The ōzeki (Template:Nihongo), or champion rank, is immediately below yokozuna in the ranking system. Until the yokozuna rank was introduced, ōzeki was the highest rank attainable.
Promotion to ōzekiEdit
The promotion of a wrestler to ōzeki is a multi-tournament process. A wrestler at the rank of sekiwake will be considered for promotion if he has achieved a total of at least 30 wins over the three most recent tournaments, including ten or more wins in the tournament just completed. Promotion is discretionary and there are no hard-and-fast rules, though a three-tournament record of 33 wins is considered a near-guarantee. Other factors toward promotion will include tangibles such as winning a tournament or defeating yokozuna, as well as the rikishi's overall consistency, prowess, and quality of sumo—for example, a record of illegal maneuvers or reliance on certain dodging techniques would count against the dignity expected of an ōzeki.
Promotions are recommended by the Judging Division to the Board of Directors of the Japan Sumo Association. If it is a first promotion to the rank a member of the Board of Directors will formally visit the wrestler's stable to inform the new ōzeki of his promotion. The ōzeki will usually make a speech on this occasion, promising to do his best to uphold the dignity of the rank.
During the Edo period, wrestlers often made their debuts as ōzeki based on size alone, though their real competitiveness had not been tested. The system was called "guest ōzeki" (Template:Nihongo). Most of these vanished from the banzuke soon after, but a few wrestlers, notably Tanikaze Kajinosuke, remained as real wrestlers.
Demotion from ōzekiEdit
Like the other san'yaku ranks, but unlike a yokozuna, an ōzeki may be relegated. For an ōzeki, relegation is a two-step procedure. First, the ōzeki must lose more bouts than he wins in a tournament; losing a majority of bouts is called makekoshi. At this point, the ōzeki is called kadoban. If he wins a majority of bouts in the next tournament (which is called kachikoshi), he is restored to regular ōzeki status. If, on the other hand, he loses a majority of bouts while kadoban, he is relegated to sekiwake.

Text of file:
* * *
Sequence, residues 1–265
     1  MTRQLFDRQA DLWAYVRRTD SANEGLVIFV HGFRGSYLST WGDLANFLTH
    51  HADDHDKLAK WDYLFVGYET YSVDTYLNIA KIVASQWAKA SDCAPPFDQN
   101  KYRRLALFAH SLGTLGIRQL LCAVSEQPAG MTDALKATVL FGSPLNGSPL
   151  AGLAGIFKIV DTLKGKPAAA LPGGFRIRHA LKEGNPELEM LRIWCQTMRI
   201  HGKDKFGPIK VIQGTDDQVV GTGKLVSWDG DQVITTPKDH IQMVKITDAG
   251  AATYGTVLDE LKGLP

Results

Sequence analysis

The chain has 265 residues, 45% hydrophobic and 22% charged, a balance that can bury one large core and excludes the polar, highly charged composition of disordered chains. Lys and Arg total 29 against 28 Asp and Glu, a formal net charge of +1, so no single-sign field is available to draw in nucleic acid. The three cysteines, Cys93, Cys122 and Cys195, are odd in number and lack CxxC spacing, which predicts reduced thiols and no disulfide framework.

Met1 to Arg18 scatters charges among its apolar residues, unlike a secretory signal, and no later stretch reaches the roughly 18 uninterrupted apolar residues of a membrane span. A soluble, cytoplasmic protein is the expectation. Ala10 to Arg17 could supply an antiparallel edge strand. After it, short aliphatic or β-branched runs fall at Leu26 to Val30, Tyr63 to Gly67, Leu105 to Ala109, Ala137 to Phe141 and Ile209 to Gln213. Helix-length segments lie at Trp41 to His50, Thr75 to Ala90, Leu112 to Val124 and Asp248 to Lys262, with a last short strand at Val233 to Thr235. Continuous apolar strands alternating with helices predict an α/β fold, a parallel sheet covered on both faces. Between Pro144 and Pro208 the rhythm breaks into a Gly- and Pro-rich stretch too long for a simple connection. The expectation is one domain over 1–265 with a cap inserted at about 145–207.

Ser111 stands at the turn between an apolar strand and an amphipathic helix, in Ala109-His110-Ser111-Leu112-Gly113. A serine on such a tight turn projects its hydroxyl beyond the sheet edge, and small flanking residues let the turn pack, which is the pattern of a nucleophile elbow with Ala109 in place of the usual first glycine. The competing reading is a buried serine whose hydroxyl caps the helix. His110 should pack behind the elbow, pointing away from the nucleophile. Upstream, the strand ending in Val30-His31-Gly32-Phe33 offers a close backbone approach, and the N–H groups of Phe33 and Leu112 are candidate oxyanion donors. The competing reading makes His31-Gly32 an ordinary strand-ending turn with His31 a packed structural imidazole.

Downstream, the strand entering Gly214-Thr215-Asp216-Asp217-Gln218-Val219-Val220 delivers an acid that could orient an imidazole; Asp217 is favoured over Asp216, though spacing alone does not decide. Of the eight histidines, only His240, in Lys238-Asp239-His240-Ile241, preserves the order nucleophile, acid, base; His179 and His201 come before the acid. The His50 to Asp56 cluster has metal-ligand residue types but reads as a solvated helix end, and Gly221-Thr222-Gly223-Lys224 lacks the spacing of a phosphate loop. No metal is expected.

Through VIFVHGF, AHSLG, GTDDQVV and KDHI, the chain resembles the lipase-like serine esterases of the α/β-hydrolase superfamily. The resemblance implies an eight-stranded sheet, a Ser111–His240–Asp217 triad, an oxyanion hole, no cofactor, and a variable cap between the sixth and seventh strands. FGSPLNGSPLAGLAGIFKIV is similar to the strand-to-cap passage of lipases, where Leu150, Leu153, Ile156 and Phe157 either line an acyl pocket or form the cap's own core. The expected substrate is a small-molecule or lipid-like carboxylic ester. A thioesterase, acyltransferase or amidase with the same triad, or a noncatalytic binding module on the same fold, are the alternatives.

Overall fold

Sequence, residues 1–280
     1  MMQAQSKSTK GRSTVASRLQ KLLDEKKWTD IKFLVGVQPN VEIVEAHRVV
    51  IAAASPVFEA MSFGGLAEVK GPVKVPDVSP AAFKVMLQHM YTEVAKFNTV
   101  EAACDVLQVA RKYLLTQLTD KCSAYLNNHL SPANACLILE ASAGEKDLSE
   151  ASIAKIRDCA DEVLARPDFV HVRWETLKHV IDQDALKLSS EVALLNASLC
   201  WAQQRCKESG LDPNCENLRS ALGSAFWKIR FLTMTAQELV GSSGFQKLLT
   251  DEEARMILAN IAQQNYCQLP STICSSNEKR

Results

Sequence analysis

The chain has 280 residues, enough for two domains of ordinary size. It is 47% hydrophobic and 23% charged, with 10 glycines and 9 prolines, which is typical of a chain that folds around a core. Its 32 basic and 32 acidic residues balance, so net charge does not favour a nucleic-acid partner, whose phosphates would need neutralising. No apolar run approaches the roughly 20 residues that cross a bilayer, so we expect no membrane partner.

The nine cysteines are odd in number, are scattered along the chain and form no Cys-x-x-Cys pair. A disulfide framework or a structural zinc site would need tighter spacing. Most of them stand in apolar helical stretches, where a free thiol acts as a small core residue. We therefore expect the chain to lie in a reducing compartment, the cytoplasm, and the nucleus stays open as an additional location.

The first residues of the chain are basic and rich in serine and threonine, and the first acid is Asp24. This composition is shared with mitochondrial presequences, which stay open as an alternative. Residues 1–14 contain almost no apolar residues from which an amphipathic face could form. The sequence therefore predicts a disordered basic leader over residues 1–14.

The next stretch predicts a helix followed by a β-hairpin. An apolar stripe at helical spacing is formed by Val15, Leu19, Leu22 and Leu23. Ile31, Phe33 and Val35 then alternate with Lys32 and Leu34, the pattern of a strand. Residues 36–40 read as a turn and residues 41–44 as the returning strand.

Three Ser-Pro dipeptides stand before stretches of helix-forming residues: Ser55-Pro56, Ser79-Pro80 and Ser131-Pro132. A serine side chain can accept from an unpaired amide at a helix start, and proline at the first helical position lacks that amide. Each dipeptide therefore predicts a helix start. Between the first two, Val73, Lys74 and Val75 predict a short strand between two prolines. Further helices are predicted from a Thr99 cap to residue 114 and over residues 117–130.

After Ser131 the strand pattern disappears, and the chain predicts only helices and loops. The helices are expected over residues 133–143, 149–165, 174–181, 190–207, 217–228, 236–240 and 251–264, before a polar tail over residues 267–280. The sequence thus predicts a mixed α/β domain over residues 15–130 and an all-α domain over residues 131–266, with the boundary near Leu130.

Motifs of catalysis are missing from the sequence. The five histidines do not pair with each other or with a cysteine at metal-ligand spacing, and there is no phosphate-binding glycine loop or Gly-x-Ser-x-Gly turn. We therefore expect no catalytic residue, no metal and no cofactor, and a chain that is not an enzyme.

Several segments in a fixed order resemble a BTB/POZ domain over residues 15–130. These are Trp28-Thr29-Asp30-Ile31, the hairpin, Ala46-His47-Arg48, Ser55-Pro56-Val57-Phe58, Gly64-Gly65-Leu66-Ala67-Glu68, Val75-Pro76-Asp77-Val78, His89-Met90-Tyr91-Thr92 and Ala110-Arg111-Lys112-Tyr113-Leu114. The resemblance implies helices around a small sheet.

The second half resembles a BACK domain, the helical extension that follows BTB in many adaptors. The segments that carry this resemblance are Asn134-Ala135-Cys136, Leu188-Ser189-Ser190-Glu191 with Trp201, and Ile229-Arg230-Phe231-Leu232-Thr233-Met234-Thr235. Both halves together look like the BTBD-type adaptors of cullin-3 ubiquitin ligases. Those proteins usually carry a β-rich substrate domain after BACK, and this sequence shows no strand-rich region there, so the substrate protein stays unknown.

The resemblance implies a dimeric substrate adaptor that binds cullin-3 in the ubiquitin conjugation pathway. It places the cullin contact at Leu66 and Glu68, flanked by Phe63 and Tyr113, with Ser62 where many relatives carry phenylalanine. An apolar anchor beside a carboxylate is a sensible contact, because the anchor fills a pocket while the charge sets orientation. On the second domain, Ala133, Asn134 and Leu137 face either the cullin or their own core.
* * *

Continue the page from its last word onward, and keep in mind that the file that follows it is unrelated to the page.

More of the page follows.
In the tournament immediately following his relegation from ōzeki, if a wrestler wins ten or more bouts, he is immediately restored to ōzeki status. However, if he fails to win ten or more matches in his first tournament back as sekiwake, he is treated just like any other wrestler in further attempts at being promoted back to ōzeki. This system has been in place since the Nagoya Tournament of 1969. Since that time, four wrestlers have managed an immediate return to ōzeki: Mienoumi, Takanonami, Musōyama and Tochiazuma (who managed it on two separate occasions).
Benefits of being an ōzekiEdit
In addition to a salary increase there are a number of perks associated with reaching ōzeki rank:
- He is guaranteed a higher rank in the Sumo Association when he first retires.
- He will be given a three-year temporary membership of the Sumo Association on his retirement if he does not yet own a share.
- He will receive a special merit payment on his retirement (the amount decided by his strength and longevity as an ōzeki).
- He has a parking space in the Sumo Association headquarters.
- He can vote in the election of the Sumo Association directors.
- Normally he will receive additional support from his stable in terms of junior wrestlers to act as his manservants.
- He can wear purple fringed ceremonial aprons (kesho-mawashi)
- An ōzeki can normally act as a dewsweeper or swordbearer for a yokozuna ring entrance ceremony.
- He may be called on to represent the wrestlers on formal occasions such as when VIPs visit a sumo tournament, or on formal visits to Shinto shrines.